“Human beings evolved to gossip, preen, manipulate and ostracize. We are easily attracted to this new gladiatorial circus, even when we know that it can make us cruel and superficial”, commented Jonathan Haidt and Tobías Rose-Stockwell in The Atlantic* magazine (2019), considering that social networks convert many of our citizens. into arsonists competing to create the most incendiary posts and images.
If in ancient Rome, the Emperor Nero, influenced by his lover Poppaea, encouraged him to burn the city to blame the Christians for its destruction and have a pretext to condemn them to be devoured by beasts, social networks are the new pyres that we use to incinerate honors and prestige. Language, instead of being a vehicle of communication, is becoming a tool to vilify others. Proper usage is no longer important, nor are grammatical rules or the structuring of sentences to build ideas and rational arguments.
Excessive and unregulated access to social networks has brought us down to a linguistic level because words and meaning are no longer taken care of. Every day, instead of expanding the vocabulary, our word resources are reduced to the extreme in their desire to synthesize everything, reduce expressions to a minimum. And the ideas turn into telegraphic phrases, the phrases into words, the words into carefree, lazy expressions and then we stop writing and we reduce a whole theory, a feeling or emotion to an emoticon, those little drawings in folders of different categories that we use to respond to our feelings.
That is reducing our ability to express what springs from the soul, ideals and convictions and instead, as if we were going back to the era of caves where they communicated through hieroglyphs embodied in caves, we send each other “little drawings” , “little hearts”, “little faces”, “little fingers” preventing us from structuring what we feel with words from our language.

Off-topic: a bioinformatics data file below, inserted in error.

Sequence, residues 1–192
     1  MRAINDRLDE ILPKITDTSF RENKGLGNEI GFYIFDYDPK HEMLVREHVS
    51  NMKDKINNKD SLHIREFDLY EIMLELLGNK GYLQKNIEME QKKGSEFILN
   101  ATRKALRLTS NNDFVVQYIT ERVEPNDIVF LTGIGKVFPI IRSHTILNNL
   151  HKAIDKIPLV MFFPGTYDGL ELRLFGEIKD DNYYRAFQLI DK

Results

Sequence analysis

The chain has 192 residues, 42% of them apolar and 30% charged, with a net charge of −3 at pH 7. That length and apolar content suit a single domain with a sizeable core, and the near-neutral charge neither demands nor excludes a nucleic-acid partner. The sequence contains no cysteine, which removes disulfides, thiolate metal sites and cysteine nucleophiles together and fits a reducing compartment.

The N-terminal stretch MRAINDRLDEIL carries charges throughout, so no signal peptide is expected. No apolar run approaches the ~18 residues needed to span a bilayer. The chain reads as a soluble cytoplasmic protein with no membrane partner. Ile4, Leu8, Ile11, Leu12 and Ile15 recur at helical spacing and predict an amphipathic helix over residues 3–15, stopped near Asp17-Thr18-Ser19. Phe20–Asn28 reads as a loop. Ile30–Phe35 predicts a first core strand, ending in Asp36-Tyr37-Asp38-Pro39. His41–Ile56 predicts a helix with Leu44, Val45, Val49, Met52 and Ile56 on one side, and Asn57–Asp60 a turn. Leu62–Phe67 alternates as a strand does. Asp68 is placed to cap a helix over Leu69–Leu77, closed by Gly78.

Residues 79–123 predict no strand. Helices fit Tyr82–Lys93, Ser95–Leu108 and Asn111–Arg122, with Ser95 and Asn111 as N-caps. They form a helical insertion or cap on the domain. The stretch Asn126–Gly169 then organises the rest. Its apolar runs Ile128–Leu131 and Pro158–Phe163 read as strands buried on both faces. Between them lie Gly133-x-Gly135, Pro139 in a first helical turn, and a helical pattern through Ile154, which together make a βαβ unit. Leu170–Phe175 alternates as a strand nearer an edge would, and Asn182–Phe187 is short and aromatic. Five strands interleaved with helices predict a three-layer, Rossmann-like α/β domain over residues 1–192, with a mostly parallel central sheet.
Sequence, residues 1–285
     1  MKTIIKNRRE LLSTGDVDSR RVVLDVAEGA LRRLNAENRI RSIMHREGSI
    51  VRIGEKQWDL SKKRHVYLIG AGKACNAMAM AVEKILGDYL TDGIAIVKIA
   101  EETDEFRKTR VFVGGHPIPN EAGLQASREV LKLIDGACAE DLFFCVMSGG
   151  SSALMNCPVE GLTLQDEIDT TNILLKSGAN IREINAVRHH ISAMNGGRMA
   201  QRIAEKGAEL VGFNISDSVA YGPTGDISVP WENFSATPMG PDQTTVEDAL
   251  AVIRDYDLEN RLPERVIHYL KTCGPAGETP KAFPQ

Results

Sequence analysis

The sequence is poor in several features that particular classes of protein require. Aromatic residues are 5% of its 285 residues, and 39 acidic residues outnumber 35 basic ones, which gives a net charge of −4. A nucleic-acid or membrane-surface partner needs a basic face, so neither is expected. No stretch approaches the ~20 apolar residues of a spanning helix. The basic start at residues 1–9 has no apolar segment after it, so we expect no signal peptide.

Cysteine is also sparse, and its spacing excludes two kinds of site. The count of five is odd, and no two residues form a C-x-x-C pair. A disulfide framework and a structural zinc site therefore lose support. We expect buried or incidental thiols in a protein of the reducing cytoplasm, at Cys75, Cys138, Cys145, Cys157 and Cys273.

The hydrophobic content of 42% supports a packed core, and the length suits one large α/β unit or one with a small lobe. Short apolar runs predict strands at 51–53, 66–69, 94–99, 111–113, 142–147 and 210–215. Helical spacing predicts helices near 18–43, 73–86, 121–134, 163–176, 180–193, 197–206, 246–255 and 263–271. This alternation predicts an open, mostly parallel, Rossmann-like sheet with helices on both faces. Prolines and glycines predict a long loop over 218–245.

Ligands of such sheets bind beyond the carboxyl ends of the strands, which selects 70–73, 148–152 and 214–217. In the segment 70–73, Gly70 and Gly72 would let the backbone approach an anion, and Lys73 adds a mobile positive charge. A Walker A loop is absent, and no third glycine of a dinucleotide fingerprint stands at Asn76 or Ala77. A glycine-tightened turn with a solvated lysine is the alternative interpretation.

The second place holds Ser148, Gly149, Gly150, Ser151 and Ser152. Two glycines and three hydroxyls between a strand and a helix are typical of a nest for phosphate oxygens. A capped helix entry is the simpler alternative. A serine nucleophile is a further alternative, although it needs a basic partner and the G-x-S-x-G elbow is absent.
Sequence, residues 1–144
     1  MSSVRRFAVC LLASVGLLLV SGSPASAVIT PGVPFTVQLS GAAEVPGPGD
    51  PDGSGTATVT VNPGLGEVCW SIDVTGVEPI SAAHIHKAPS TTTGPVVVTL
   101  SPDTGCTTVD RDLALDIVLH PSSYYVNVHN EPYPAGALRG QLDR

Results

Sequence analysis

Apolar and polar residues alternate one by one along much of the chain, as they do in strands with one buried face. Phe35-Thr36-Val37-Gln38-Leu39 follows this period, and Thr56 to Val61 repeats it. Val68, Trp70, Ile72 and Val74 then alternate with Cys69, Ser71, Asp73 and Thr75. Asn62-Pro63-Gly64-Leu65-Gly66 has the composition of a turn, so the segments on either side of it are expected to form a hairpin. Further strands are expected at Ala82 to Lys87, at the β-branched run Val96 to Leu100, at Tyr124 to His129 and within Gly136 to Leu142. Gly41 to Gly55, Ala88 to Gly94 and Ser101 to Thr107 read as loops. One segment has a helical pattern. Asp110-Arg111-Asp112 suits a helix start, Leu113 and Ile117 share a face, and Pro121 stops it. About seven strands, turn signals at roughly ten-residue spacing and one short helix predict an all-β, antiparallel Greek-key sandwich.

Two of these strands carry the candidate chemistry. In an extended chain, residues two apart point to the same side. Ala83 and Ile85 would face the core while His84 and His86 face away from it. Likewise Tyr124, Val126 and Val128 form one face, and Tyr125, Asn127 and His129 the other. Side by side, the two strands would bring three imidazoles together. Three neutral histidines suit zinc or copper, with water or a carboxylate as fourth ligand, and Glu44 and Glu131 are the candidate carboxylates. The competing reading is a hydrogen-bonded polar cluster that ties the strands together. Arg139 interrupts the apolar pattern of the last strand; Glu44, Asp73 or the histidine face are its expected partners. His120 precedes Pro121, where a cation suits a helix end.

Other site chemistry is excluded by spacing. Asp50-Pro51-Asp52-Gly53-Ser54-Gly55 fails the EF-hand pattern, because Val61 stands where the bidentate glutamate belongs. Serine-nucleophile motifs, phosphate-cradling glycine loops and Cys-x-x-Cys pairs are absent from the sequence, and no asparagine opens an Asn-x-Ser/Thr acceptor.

If we add the lack of reading, the omnipresence of screens – television, tablets, computers and cell phones – and the diminished or poor use of words that we have supplanted by images, we foresee a serious problem of memorization, rationality and mental agility to build scaffolding of knowledge.
The metaphor of the Italian novelist and linguist Umberto Eco, now deceased, who was amazed at the destruction of language, but, above all, at the indiscriminate incursion into social networks of people in the homogeneous conglomerate, who without the slightest shame or prudently intervene in social networks, without having the minimum preparation on the subject they criticize and in a noisy and vulgar way they prosecute everyone.
Something like if in a bullfight, a spontaneous throws himself into the ring to take away the attention of the bullfighter, who for years prepares and develops a technique to face the beast or as if in a professional soccer game, any amateur or beginner get into play, kick the ball left and right, spoiling the skill developed in years of preparation and training of soccer players.
Well, Umberto Eco in relation to the use of social networks, said by way of comparison and crude example that before, the fools who were discussing some subject in a bar with several beers or glasses of wine between chest and back, were silent there same because they had no arguments or elements to debate and less in their drunken state.